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NI Human Rights Commission reports lone parents in NI worse off under welfare reform

Lone parents in Northern Ireland are losing around £2,250 on average a year due to tax and welfare reforms, a new report from Human Rights Commission has found.
The aim of the research was to show the impact of tax and social security reforms for households in NI, due to circumstances and conditions which exist only here. Compared to the UK, NI has:

  • Higher socioeconomic inactivity rate
  • Higher average family size
  • Mismatch between social housing stock and need (in terms of the number of bedrooms needed by households)
  • Higher childcare costs (given that NI does not currently have the same free childcare provisions for welfare recipients that is available in other parts of the UK).

NI also has unique elements:

  • Mitigation measures currently in place until March 2020
  • Slower roll out of Universal Credit and welfare reform measures.

Impacts of welfare reform worse for lone parents

The report found that households with disabled children were particularly hard hit, losing an average of £2,000 per year as a result of welfare reforms. Lone parent households lost on average £2,250 per year, with other households with children also losing out as a result of reforms. However, households which had two earners and did not claim welfare benefited from increases in the tax free allowance in recent years.

The report also found

  • Households in the bottom half of the income distribution were worse off with welfare reform.
  • Households in the upper half of the income distribution positively impacted as a result of tax changes (becoming better off than before)
  • Increases in minimum wage were not off-setting benefit cuts for those in low income households.
  • Indirect taxes (largely accounted for by VAT increases in 2011) had hit all households, but that the impact was much greater for lower income households.

Suggested new mitigations

The report suggested a new package of mitigations (additional to those which are currently in use – i.e. the bedroom tax and benefit cap mitigations) which included:

  • Introducing the cost of work allowance for low income families
  • Increasing the rate of carers allowance to JSA level
  • Introduce a ‘Best Start’ grant for low income families with children
  • Off-setting the two-child limit on Housing Benefit, Child Tax Credit and Universal Credit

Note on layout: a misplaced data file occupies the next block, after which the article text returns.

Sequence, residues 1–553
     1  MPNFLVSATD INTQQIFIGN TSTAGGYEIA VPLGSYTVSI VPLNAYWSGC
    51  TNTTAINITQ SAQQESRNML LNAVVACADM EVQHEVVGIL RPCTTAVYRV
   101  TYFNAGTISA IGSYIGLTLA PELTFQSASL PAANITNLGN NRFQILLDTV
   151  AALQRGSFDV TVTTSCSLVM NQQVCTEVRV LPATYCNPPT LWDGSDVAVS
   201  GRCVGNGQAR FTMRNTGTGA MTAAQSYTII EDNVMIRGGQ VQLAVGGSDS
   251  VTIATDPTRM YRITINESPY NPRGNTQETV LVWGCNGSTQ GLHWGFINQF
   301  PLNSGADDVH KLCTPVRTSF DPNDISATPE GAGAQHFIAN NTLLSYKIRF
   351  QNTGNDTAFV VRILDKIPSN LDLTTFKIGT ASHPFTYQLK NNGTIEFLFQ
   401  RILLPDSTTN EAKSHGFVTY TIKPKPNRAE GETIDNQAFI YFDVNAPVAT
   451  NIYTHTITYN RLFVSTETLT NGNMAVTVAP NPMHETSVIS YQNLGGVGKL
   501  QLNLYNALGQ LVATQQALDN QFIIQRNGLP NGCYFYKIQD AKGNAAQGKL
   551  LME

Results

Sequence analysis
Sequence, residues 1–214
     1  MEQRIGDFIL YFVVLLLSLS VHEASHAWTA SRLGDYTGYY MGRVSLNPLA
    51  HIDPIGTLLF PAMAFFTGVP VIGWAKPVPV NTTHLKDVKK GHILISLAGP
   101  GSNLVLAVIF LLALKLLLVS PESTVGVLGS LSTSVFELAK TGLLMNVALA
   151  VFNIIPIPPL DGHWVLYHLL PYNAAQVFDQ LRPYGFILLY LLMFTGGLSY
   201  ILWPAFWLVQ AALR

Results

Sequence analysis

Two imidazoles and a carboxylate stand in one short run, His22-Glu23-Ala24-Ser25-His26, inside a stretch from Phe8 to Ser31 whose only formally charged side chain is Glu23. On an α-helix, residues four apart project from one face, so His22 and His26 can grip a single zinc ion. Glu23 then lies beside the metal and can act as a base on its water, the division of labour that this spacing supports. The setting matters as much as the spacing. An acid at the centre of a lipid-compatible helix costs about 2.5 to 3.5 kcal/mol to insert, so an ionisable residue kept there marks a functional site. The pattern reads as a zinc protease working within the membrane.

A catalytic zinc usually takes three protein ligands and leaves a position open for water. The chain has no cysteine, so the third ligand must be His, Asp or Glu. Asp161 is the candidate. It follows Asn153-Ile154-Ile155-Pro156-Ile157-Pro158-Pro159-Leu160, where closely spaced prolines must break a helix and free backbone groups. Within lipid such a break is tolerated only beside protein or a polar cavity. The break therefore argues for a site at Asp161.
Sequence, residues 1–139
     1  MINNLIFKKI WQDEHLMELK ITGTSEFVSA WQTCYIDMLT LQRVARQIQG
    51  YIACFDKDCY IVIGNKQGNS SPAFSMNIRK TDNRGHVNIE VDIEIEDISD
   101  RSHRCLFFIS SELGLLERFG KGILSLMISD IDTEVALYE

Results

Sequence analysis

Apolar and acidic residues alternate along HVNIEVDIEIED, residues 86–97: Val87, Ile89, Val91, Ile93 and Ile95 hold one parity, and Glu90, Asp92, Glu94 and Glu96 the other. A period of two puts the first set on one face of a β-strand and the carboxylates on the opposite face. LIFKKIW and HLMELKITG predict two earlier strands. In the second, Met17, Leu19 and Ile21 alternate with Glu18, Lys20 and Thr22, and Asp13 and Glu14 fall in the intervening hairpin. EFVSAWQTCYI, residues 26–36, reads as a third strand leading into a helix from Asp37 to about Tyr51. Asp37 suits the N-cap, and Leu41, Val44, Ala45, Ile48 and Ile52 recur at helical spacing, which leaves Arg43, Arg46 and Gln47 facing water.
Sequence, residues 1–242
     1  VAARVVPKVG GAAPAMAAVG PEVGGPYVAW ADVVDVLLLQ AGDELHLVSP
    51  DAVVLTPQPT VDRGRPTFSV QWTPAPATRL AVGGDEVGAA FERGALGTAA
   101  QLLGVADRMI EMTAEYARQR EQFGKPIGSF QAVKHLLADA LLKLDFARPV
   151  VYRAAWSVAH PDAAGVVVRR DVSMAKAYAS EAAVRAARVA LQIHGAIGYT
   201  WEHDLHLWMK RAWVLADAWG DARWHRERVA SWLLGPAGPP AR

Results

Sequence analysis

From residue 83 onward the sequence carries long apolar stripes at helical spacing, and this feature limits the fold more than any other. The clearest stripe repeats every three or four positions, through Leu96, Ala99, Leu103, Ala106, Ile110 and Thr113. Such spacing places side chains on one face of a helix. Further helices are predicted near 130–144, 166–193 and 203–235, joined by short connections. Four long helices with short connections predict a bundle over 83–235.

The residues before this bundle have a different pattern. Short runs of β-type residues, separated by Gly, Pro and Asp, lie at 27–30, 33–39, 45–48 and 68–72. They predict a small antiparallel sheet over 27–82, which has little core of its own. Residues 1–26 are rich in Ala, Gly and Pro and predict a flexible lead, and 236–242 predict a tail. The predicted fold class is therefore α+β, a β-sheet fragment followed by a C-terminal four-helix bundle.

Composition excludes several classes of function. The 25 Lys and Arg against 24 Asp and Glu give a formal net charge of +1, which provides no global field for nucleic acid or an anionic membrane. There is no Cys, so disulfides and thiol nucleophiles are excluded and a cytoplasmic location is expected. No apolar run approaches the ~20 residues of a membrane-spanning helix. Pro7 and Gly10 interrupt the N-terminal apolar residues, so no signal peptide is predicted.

• Additional per-child payment for low income families with children
  • Additional payment for low income households with disabled adults and/or children.

The report sets out the cost of the above additional mitigations as £186m per year. However, these additional mitigation measures would reduce the losses from welfare reforms by around 30% and the biggest positive impact would be on those in the lowest income groups.

Welfare reform changes have been regressive

In conclusion, the report states clearly that the welfare reforms which have been brought in by successive UK Governments, alongside changes in direct and indirect taxes have had a regressive impact – i.e. they have had a much bigger negative impact on low to middle income households, with some low income households falling well below the essential minimum level as a result. The report recommends that the NI Executive introduce new and additional mitigation measures, which should include continued funding for independent advisory services for welfare claimants. It also recommends that these should be monitored for their effectiveness to ensure that no households are falling between the cracks.

The data and methods used

The full report consists of 168 pages of detailed analysis and scenario testing, although there is no specific analysis by tenure and so welfare reform which specifically relates housing is not fully analysed in the report. The current welfare reform mitigations are fully accounted for in the analysis and scenario testing was also used to analyse the potential for new additional mitigations at the end of the current mitigation period (March 2020). One of the major strengths of this analysis is the consideration of how various welfare reforms have / could affect households in different income groups by microsimulation modelling – i.e. modelling what the effects of welfare and tax reforms are for households of different sizes and compositions and with different incomes. Their analysis was based on data from the Family Resources Survey taken over 5 years and the Living Costs and Food Survey taken over 8 years.

Tagged In

Benefits, Welfare Reform